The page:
I stood outside a D.C. restaurant a few weeks ago wondering if I were really ready to face three former friends. Walking away would show that my pride was still stronger than my love for them, walking in would hopefully show that I was finally ready to bury the hatchet. I walked in.
I was nervous and a bit uncomfortable but when I saw the three of them sitting at the bar I realized how much I missed them. After all, I’ve been through it all with these girls; high school, college, careers, men, vacations and everything in between. We have stories, pictures and memories for days.
In the prime of our friendships I thought nothing was strong enough to separate us but with time we began growing as women, liking different things and even different people. Then ultimately our differences began to influence our lack of tolerance for each other and then as they say “all hell broke lose.”
This person couldn’t be in the same room as that person. One large group became two small groups. Some acted better than others. Others turned and twisted conversations so much that by time it got around the group, people who were once ‘like family’ couldn’t stand each other. What followed next was nothing but drama, scandal, foolishness, betrayal and hurt people.
That night as we talked over dinner, it was apparent how each of us had been hurt. The more we talked about the things that occurred it was also obvious that each issue had a cause and effect. An action and a reaction. I realized that if a hurt person isn’t immediately tended to, that hurt will cycle itself and form a social and emotional virus that will spread within the hurt person and the people around them.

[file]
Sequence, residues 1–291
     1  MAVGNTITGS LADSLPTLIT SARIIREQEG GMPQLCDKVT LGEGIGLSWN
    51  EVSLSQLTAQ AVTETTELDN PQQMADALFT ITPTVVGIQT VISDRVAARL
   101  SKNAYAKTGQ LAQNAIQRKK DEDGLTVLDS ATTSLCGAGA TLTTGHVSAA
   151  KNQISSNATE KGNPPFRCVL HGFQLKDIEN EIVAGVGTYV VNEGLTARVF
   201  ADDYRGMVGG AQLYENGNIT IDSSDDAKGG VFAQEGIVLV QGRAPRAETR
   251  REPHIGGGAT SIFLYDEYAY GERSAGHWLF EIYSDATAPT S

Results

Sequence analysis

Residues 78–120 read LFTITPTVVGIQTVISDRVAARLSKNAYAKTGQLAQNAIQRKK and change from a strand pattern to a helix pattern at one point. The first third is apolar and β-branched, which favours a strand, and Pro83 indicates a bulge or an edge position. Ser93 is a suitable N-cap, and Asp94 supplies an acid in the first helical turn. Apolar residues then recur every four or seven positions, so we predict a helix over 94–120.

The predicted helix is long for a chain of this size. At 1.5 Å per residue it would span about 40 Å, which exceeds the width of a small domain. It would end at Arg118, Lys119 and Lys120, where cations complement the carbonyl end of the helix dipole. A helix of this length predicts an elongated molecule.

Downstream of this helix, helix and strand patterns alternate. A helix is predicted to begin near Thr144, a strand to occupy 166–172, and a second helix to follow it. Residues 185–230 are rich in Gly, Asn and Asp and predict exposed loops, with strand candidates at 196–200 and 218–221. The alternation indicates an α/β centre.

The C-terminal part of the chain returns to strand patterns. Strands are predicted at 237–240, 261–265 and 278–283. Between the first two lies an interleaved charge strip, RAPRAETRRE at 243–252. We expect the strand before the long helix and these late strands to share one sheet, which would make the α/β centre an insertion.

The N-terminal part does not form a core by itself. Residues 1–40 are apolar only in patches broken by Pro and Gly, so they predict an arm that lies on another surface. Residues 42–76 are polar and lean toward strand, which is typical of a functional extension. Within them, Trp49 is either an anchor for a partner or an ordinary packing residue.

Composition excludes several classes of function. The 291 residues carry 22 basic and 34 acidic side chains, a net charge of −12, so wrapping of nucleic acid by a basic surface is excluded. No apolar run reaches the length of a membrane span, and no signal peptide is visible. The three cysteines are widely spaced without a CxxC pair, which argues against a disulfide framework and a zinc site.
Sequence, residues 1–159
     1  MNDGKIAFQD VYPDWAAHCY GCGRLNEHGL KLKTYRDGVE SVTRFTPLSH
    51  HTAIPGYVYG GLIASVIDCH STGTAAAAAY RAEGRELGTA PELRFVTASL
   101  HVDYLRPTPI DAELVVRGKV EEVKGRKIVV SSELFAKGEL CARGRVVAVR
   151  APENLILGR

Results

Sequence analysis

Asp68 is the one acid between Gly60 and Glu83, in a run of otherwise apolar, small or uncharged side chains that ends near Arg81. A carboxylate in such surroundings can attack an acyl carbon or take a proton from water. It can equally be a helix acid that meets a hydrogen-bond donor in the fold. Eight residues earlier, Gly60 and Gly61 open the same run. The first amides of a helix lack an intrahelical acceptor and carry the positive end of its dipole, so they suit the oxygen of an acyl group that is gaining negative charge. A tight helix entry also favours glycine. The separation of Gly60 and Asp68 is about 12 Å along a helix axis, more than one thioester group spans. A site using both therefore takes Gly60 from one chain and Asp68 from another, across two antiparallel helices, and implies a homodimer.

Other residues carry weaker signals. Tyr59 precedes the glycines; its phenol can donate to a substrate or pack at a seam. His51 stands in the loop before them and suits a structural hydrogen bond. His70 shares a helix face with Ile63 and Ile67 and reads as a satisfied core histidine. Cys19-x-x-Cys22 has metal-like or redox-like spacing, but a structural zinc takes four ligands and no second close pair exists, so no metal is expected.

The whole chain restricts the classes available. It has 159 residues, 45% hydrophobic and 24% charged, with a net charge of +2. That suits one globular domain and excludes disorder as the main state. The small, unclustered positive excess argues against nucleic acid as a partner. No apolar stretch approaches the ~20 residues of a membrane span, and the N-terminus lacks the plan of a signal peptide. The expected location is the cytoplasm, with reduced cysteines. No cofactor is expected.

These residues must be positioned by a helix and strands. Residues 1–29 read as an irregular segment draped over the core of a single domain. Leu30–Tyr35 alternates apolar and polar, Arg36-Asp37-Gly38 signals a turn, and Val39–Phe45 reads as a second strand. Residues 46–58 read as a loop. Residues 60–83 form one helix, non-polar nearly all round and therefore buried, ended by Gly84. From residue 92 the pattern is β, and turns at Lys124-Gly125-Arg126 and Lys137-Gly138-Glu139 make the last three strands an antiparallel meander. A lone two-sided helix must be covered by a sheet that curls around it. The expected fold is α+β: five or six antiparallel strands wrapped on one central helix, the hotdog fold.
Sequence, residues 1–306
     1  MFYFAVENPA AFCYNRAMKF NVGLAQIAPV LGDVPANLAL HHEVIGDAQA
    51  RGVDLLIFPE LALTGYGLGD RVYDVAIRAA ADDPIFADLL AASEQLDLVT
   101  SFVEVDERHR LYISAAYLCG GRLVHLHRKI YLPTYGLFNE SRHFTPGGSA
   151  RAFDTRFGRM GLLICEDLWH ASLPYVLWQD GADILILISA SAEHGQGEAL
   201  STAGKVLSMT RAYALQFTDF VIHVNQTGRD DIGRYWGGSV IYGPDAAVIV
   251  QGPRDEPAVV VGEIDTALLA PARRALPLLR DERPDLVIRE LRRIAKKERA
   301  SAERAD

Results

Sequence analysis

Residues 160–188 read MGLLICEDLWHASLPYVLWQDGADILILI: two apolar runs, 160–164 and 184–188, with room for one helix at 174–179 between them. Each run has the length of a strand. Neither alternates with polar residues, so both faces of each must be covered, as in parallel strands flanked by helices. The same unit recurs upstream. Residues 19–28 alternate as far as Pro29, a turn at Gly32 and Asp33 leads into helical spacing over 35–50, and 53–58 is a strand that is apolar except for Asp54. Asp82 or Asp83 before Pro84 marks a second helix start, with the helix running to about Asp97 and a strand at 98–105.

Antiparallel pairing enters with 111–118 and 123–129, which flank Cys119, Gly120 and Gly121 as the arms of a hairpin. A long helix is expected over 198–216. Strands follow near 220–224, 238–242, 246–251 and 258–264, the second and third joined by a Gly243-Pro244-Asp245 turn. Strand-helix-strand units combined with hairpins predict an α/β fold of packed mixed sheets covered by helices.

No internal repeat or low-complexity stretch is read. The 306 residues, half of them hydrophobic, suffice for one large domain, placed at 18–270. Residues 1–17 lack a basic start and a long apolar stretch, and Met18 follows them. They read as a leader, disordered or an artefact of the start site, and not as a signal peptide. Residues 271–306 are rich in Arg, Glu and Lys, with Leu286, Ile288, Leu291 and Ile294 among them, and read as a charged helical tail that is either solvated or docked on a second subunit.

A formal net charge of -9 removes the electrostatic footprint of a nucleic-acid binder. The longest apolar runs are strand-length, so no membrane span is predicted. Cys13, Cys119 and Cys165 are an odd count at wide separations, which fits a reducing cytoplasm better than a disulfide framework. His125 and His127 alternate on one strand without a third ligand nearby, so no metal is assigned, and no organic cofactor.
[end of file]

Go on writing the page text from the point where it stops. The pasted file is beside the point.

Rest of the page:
Its true. One friend was hurt by a comment that she heard I made. Had she called me on it immediately, she would have known that the comment was taken out of context. But she didn’t. Instead, she reacted in a way that once it got back to me—hurt like hell. My disbelief and shock that she was capable of treating me the way she did, hurt me so much that I couldn’t find it in myself to call her. So it took us months to clear up something that could have been resolved in a matter of minutes.
Hurt people hurt people. Even if it isn’t intentional. Even if it isn’t direct. It still hurts and an unattended wound can damage a body or in our case, a friendship.
One thing I credit brotha’s for—they can argue and be normal again the next day. Women take a lot more work. We’re a lot more emotional and vulnerable. We have a higher level of expectations in our friendships which is why one bad move can cause so much harm.
Like any relationship, friendships take work and in my case—courtesy calls. My friendsdhips and connections with people should be strong enough where I have the courtesy to call them if their love and loyalty has come into question.
What I’ve learned in life is that some friends are phases and with time and maturity you’ll learn to let them go but others are lifelong commitments that you have to learn to work through.
I’m glad I walked into the restaurant that night. It’s not an overnight process, but each day I grow closer to the women I want to be and she is one who learns to forgive, trust and love even when the odds are against her.